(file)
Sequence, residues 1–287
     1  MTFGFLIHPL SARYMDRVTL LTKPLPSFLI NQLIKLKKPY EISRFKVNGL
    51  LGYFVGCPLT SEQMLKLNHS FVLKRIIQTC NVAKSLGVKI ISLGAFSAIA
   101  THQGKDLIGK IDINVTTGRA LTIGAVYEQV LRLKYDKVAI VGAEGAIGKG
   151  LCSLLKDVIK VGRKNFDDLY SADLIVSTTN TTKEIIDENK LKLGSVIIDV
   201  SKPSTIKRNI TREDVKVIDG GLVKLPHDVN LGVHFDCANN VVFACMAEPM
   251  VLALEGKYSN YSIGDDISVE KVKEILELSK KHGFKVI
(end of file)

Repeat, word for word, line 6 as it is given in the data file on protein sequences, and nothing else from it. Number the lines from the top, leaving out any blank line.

   201  SKPSTIKRNI TREDVKVIDG GLVKLPHDVN LGVHFDCANN VVFACMAEPM